Executives of the Internet Corporation for Assigned Names and Numbers (ICANN) have been keeping the airlines in business this year, flying to the far corners of the globe to enlist support for ending a key relationship with the U.S. Government this September. It seems the question of ICANN’s readiness has taken a backseat to the imperative of meeting this hard-and-fast deadline.
But for the business community and everyone else who relies on a stable, secure Internet addressing system, the key concern is whether the
ICANN “transition” will preserve the safety and security of the system, not whether it will occur by an arbitrary date. I said as much in my comments to the National Telecommunications and Information Administration on its Joint Project Agreement (JPA) with ICANN.
One thing is clear: most of the people involved in the ICANN process support the idea of ICANN transitioning into a fully private-sector-led entity with a narrow scope and robust accountability mechanisms. (see all comments)
But attempting that transition before ICANN is fully equipped to stand on its own would be dangerously and unnecessarily destabilizing. Yet that’s exactly what ICANN is trying to do, all in order to shed the JPA by September 2009.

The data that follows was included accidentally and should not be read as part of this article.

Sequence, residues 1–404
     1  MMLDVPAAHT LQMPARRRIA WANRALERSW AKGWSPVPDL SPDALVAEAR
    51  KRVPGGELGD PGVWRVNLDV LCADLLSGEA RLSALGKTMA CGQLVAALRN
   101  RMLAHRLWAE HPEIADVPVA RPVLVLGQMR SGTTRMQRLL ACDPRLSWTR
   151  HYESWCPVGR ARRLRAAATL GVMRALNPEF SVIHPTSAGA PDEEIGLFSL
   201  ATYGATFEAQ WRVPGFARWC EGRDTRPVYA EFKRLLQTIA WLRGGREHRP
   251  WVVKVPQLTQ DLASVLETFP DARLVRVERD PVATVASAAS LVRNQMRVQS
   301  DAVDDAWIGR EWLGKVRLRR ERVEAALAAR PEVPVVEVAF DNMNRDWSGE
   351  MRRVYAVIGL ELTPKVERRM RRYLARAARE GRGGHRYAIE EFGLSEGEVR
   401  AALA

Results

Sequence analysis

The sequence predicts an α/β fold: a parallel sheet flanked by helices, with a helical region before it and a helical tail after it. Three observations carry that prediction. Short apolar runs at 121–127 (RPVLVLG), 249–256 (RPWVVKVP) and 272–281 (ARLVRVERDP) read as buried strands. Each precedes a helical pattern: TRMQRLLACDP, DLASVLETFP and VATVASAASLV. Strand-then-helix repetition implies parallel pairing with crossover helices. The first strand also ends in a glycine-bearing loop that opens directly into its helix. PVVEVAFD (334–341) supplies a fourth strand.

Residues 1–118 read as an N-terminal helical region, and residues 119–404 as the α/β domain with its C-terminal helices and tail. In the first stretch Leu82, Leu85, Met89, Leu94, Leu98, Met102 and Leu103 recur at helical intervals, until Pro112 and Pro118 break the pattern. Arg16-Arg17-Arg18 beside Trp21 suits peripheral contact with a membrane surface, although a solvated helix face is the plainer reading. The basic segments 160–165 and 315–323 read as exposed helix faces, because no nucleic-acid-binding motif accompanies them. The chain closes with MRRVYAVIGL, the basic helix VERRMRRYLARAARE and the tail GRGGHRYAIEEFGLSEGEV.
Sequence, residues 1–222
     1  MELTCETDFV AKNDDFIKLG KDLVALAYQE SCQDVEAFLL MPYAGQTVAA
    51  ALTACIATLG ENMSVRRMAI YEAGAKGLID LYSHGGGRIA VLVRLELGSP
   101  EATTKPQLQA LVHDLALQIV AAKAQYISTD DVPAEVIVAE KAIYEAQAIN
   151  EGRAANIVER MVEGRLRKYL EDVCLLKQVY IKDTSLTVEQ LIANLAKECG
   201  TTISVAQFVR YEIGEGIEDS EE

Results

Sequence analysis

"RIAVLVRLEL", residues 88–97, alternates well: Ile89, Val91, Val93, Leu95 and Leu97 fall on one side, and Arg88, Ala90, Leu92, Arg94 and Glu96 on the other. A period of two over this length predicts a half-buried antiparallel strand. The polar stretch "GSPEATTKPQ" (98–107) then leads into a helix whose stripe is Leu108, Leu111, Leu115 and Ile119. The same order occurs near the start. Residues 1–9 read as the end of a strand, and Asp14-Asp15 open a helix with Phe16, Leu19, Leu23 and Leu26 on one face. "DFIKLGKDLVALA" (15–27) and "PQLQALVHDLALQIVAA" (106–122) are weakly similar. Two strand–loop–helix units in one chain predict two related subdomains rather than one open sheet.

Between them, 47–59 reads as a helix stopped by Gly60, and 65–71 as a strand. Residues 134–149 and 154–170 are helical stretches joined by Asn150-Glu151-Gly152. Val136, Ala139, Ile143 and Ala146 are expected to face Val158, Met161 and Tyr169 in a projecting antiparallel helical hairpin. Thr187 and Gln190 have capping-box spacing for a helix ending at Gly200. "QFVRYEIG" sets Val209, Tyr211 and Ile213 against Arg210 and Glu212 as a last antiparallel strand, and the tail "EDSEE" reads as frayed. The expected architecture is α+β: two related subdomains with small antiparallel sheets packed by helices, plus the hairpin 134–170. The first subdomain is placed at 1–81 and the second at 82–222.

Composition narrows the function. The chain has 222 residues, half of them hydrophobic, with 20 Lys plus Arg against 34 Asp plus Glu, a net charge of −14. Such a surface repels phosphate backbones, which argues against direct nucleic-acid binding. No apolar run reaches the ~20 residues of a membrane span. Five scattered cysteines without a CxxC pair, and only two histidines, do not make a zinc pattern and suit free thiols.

What makes this particularly troubling is that ICANN knows what it needs to do in order to achieve the stability and accountability the community has been demanding. Terms may differ, but a broad cross-section of ICANN participants have called for:
- Accountability – specifically a mechanism that would make ICANN accountable to some entity other than itself.
- Protection against capture – by foreign governments,
cartels or bureaucracies seeking to impose greater governmental control.
The irony of ICANN’s fervent push to end the JPA is that community support for the JPA stems mainly from the belief that it is the only thing that currently addresses those organizational needs.
As I mentioned in a previous post, the JPA has clearly prevented aggressive governments and government bureaucracies from mounting a full-scale assault against ICANN. The JPA has also introduced a measure of accountability into the process, by requiring ICANN to justify its decisions to the U.S. Government.
The JPA is hardly perfect, but until we come up with something better, it’s our best bet to preserve private sector leadership of ICANN.